Blown_Away - Blown Away Worldwide deforestation, mining,...

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Blown Away Worldwide deforestation, mining, overgrazing, and the diversion of water have combined to create huge dust clouds that carry bacteria, viruses, soot, acids, radioactive isotopes, and pesticides from Asia and Africa to the United States By Karen Wright DISCOVER Vol. 26 No. 03 | March 2005 | Environment By the time the yellow Haze had reached southern Utah, Marith Reheis was already camped out in Canyonlands National Park and trapping local desert dust for the U.S. Geological Survey. “The weather had been absolutely perfect—not a cloud in the sky,” she recalls. “But that third morning, we saw a patch of sky that just looked weird. It looked like a dust cloud. But there hadn’t really been any change in the wind, and it wasn’t the right color.” The right color would have been grayish white or red, hues typical of dust clouds churned up in the Mojave Desert to the west. Instead, the cloud Reheis saw that morning in May 1998 was the color of mustard. And it wasn’t from the Mojave: When Reheis returned to her office in Denver, she tracked down satellite images on the Internet and learned that the yellow haze had erupted several days earlier over a broad swath of the Gobi Desert in China. It had swept east across 5,000 miles of ocean. Some of it had landed on the West Coast, from British Columbia to California; the rest moved inland in a slow crawl across the continent. Reheis wasn’t the only scientist to notice. Meteorologists, oceanographers, remote-sensing specialists, and air-quality experts—not to mention a few air traffic controllers—had all gotten their first overhead view of an Asian dust storm moving across the Pacific Ocean to North America. The phenomenon itself isn’t new. Massive clouds of sediment have been blowing around Earth ever since there was earth to blow and wind to blow it. But using sophisticated Earth-watching satellites launched in the 1990s, scientists around the world have gained a new appreciation for the global scale of dust movement. For example, NASA’s Total Ozone Mapping Spectrometer, or TOMS, launched in 1996, is the first instrument that can track dust storms over both land and sea. Its sensors can distinguish a dust cloud from a rain cloud, and it operates in real time. The Sea-viewing Wide Field-of- view Sensor, or SeaWiFS, another satellite-borne NASA instrument, transmits images in true, vibrant colors and provides global coverage every 48 hours. Courtesy Seawifs Project, NASA/Goddard Space Flight Center, and OrbImage FROM ASIA WITH DUST   A massive dust cloud from the Asian continent passes  over Japan in April 2002, traveling a major dust byway  that runs east out of the Gobi Desert. Each spring, a  cold air mass called the Siberian High swoops down  on the Gobi and hoists soil particles into the  atmosphere. Uneven heating of the ground and air  generates turbulent airflows that keep sediment aloft.  “A moderately wimpy, sustained wind with turbulent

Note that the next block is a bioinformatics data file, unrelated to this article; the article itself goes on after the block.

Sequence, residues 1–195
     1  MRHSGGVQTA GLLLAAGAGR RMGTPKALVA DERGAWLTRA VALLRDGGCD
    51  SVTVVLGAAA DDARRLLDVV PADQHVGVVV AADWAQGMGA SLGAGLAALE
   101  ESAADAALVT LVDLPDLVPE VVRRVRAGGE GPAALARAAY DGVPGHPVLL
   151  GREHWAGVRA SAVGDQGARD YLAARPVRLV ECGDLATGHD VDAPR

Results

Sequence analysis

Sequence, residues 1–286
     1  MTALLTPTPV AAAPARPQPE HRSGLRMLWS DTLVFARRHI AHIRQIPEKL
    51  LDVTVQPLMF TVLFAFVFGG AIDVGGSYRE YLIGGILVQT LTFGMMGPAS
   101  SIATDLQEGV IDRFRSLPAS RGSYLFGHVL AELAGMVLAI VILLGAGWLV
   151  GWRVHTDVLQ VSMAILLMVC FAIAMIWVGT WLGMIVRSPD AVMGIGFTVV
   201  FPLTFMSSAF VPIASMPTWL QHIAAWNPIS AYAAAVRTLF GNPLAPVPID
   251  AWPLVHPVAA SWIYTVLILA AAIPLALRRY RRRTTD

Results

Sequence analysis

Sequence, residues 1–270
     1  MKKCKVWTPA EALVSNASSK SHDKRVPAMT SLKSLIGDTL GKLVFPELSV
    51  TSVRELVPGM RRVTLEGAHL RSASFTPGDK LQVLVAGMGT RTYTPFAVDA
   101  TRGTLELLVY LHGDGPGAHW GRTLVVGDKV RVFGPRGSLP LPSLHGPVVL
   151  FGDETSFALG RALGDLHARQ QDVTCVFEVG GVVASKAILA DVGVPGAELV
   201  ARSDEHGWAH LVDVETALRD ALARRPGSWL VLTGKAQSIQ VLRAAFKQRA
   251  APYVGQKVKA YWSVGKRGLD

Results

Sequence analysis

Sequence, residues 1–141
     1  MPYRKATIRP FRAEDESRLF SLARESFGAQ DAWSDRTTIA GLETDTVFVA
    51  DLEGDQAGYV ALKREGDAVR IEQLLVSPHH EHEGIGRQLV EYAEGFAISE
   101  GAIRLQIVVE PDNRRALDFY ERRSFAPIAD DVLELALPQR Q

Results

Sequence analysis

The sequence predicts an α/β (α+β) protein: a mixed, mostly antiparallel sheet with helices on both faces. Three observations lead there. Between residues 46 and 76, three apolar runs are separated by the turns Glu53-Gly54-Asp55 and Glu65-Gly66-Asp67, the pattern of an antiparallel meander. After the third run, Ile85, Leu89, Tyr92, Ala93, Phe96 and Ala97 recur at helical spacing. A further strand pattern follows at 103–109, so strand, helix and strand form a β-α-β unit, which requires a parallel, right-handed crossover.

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This note was uploaded on 06/09/2009 for the course ISB ISB202 taught by Professor Gabeording during the Spring '09 term at Michigan State University.

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Blown_Away - Blown Away Worldwide deforestation, mining,...

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